Boeing 737 Max pilots across world raised fears over aircraft before deadly Ethiopian Airlines crash

'The fact that this airplane requires such jury rigging to fly is a red flag'

Simon Calder
Travel Correspondent
@SimonCalder
Wednesday 13 March 2019 11:38
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Civil Aviation Authority (CAA) grounds Boeing 737 MAX 8

As anger and confusion over the Boeing 737 MAX 8 grows among airline passengers in North America, evidence has emerged of serious concerns by some pilots about the aircraft type.

On Sunday, an Ethiopian Airlines jet crashed shortly after take off from Addis Ababa, killing all 157 onboard.

In the aftermath of the tragedy, concerns were soon raised about a crash in October 2018 of a Lion Air 737 MAX 8 in circumstances that had some similarities.

More than 40 regulators around the world have banned the jet from their airspace, with the UK Civil Aviation Authority saying it needed more information from the flight data recorder of the Ethiopian Airlines jet.

But the lead regulator for this American plane, the US Federal Aviation Administration (FAA), says: “Our review shows no systemic performance issues and provides no basis to order grounding the aircraft.”

But the FAA’s Accident & Incident Data, which allows for anonymous reporting, reveals serious concerns about the 737 MAX characteristics.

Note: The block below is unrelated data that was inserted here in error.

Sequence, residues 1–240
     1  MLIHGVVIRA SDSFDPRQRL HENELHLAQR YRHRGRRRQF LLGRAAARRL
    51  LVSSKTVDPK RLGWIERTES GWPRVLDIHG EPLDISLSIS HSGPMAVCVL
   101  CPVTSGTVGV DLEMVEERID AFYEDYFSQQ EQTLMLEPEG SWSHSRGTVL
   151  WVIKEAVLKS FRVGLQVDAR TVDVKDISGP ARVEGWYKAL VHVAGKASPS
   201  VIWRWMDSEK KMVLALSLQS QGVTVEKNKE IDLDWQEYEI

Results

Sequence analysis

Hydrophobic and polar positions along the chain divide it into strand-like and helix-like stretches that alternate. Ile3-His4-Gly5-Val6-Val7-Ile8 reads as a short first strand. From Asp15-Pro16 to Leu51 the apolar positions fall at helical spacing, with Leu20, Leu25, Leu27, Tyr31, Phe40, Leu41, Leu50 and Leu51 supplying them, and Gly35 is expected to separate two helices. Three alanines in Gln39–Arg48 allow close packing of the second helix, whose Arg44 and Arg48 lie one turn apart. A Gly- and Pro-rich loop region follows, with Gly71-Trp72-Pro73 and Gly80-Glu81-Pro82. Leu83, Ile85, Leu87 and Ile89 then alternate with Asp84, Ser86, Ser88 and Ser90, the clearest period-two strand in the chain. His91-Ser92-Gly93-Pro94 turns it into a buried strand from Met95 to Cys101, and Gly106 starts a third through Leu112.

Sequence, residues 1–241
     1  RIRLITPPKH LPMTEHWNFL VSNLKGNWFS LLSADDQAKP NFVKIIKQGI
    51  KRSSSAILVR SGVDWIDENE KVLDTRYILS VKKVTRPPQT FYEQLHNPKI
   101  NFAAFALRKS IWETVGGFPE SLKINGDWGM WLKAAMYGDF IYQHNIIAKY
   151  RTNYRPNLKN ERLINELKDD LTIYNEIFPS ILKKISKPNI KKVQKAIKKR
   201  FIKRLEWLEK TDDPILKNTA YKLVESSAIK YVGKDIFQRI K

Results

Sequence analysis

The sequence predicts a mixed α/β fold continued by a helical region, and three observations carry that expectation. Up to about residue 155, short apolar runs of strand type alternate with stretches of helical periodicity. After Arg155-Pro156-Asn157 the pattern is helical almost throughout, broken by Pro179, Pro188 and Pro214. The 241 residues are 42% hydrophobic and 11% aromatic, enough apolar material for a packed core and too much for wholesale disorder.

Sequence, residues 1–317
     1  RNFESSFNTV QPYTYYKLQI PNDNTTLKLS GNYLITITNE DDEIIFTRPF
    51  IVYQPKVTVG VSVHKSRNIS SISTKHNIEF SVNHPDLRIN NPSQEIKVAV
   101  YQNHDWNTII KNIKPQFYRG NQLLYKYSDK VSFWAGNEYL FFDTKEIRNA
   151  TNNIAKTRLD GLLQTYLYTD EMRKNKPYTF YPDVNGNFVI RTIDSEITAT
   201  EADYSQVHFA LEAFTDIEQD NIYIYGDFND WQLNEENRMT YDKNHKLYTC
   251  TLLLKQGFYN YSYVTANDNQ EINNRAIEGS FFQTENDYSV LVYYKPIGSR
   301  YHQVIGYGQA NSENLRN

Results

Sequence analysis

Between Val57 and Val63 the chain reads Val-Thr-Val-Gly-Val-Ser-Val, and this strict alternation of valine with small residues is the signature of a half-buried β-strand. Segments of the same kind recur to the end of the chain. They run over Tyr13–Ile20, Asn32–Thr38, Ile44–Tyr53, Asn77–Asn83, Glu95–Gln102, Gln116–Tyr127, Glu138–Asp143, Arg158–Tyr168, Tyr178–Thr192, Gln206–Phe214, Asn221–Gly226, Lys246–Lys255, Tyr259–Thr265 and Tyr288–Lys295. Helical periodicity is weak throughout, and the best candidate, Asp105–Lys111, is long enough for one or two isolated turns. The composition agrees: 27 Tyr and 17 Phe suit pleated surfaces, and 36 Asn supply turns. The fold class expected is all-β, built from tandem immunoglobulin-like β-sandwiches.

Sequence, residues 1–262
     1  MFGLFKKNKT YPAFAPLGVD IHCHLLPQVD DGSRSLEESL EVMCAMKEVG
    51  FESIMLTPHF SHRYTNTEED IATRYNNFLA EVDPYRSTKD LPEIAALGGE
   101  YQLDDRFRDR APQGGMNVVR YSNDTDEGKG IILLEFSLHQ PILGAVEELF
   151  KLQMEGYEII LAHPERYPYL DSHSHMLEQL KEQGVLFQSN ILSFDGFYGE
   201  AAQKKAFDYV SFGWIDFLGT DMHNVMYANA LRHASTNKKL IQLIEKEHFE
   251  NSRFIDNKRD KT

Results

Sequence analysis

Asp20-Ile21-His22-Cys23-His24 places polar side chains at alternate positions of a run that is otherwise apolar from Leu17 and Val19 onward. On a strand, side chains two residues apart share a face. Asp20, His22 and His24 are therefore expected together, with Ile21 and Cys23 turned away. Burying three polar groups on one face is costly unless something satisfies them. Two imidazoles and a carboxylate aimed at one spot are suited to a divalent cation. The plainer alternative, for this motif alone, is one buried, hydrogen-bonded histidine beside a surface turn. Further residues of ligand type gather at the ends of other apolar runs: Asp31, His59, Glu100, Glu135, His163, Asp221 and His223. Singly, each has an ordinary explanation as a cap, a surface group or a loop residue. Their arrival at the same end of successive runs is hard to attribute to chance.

The Dallas Morning News has trawled through the database for reports on the aircraft type.

One pilot felt the certification of the Boeing was not sufficiently rigorous, saying: “The fact that this airplane requires such jury rigging to fly is a red flag.”

Another captain called the flight manual “inadequate and almost criminally insufficient".

In November, a pilot who flies the Max 8 described Boeing’s lack of disclosure on how the Max 8's system differs from previous models as “unconscionable”.

An Emergency Airworthiness Directive issued by the Federal Aviation Administration (FAA) shortly after the Lion Air crash warned: “If an erroneously high single angle of attack sensor input is received by the flight control system, there is a potential for repeated nose-down trim commands of the horizontal stabilizer."

It ordered airlines to advise pilots about how to deal with the phenomenon should it arise.

“This condition, if not addressed, could cause the flight crew to have difficulty controlling the airplane, and lead to excessive nose-down attitude, significant altitude loss, and possible impact with terrain,” said the directive.

Boeing’s latest statement insists it has full confidence in the aircraft: “Safety is Boeing’s number one priority and we have full confidence in the safety of the 737 MAX. We understand that regulatory agencies and customers have made decisions that they believe are most appropriate for their home markets.

“We’ll continue to engage with them to ensure they have the information needed to have confidence in operating their fleets.

“Based on the information currently available, we do not have any basis to issue new guidance to operators.”

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